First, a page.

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Half-Brother Against Half-Brother

Jeff Nichols on 'Shotgun Stories'

By Shawn Badgley, Fri., Oct. 5, 2007

Jeff Nichols
Jeff Nichols
Photo by Todd V. Wolfson

When Arkansas inevitably gangs up with mean old Louisiana and New Mexico to start taking even more commercial film production away from poor, defenseless Texas, remember the name Jeff Nichols. In 2004, just two years after he moved to Austin upon graduation from the North Carolina School of the Arts, he left to make his first film in the small towns surrounding the big one where he was born and raised: Little Rock. Now he's 28, back here living with his fiancée in French Place, and watching his debut travel festivals from Berlin to Tribeca to Sydney to Austin as it readies for a likely spring 2008 release.

"My father owns a furniture store in Little Rock, and we officed out of the back of that. We used one of his moving trucks as our camera van," Nichols says. "My mom did all of the catering. A lot of the crew stayed at my folks' house, and we got a rental house donated for free. Feature filmmaking is a rarity there – there's just no infrastructure – so a lot of people were just excited to be involved. Towns just opened up to us. Practically, it offered up a lot of bonuses and a lot of ways to keep as much money on the screen as possible.

"But creatively, I always knew the first film I made, this is what I wanted it to look like. This is the landscape that I wanted to tell a story in. Arkansas was always going to be a part of it. The story came later."

Shotgun Stories' is a familiar one: revenge gone awry, Greek tragedy by way of Southern gothic. It opens with buckshot-scarred Son Hayes (Michael Shannon in a depth-defying performance) waking up to find his wife and child have left him – like his literary influence Larry Brown, the subject of a documentary he worked on with college friend David Gordon Green, Nichols the screenwriter "likes trouble on page one" – and soon after receiving word from his estranged mother that his estranged father is dead.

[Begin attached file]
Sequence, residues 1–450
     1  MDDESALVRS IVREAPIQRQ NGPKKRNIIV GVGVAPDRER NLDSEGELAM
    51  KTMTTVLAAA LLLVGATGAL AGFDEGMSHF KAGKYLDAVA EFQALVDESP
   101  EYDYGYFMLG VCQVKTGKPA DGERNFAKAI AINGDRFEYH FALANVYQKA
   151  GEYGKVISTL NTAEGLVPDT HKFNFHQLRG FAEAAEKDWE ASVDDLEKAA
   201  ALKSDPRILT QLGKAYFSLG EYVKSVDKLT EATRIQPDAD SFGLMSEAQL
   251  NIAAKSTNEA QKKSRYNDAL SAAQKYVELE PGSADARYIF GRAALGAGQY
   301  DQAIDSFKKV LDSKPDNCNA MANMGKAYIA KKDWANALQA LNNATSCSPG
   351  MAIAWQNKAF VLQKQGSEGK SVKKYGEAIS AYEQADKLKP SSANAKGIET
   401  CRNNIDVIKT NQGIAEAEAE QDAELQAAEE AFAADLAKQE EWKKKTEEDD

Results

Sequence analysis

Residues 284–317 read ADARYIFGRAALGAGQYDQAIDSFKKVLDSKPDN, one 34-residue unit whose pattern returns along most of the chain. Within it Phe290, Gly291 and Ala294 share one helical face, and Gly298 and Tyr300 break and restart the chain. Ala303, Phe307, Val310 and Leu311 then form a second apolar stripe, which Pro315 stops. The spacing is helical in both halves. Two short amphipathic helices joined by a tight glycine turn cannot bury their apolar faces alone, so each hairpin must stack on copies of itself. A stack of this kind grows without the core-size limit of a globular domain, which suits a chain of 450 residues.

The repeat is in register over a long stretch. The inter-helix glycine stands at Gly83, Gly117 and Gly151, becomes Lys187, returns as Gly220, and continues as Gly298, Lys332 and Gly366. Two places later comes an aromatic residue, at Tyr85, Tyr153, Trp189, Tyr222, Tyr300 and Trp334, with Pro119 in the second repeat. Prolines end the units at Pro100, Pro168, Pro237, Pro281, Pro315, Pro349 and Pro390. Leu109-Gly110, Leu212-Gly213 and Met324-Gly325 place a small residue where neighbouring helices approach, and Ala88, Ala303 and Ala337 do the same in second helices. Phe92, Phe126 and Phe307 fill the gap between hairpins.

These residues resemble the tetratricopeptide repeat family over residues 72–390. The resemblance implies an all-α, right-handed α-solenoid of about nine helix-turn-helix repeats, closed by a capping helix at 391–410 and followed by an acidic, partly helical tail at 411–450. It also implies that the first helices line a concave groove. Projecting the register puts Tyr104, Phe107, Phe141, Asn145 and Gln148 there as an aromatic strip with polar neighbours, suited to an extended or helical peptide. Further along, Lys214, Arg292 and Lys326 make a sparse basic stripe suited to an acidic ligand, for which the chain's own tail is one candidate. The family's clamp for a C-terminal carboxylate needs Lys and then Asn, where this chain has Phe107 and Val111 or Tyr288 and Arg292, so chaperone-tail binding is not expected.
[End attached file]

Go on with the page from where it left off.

A sad, slow-burning version of hell breaks loose when Son – with younger brothers Boy (Douglas Ligon) and Kid (Barlow Jacobs) in tow – crashes Dad's funeral to deliver a condemnation of the man who "ran out on us, that left us behind to be raised by a hateful woman ... made like we were never born" and to literally spit on his grave. The other Hayes brothers – Dad's second chance at a family after he found Jesus and quit drinking – know a different deceased and vow to bring Son et al. around to their way of thinking. By force.

"Going to other festivals, you come out of the gate with a title like Shotgun Stories, and everybody expects a pretty violent, masculine movie," Nichols says, noting that Green (George Washington, All the Real Girls, Undertow) signing on as producer "framed the project as a Southern art film and helped soften that blow.

"I always knew that if people would just give me a half-hour, which a lot of people don't give you, I could connect them to these characters in an emotional way that they would actually feel something by the end of the film," he says. "Let's start with the bad guys and then start to figure out why they're not so bad. And then why the good guys aren't so good. ... I ran with that idea of revenge as an emotion and the question of how conflicts resolve themselves, especially ones that are validated on each side by anger and fear and bloodshed."

Rarely is such conflict so warmly shot (in this case, by Adam Stone) and elegantly scored (Ben Nichols and Lucero). A 35mm, mostly daylit mix of startling landscapes, pressure-cooker interiors, and packed-tight exteriors, Shotgun Stories is a sight to behold. It's better-looking than most indies, but it also ended up with a bigger budget: upward of $250,000. Still, Nichols says, his vision was in place long before investors were.

"I designed the film to be film-friendly," he says. "The shot selection and the way the film looks, all of that comes out of this place and this region and these people and these characters. The goal for me in making a fiction film is to bring it in to as much reality as possible, so you start to believe and you start to trust. Part of that is representing where the characters come from. Where they come from is big and wide open."


Friday, Oct. 12, 10:15pm, and Tuesday, Oct. 16, 9:15pm, Bullock IMAX

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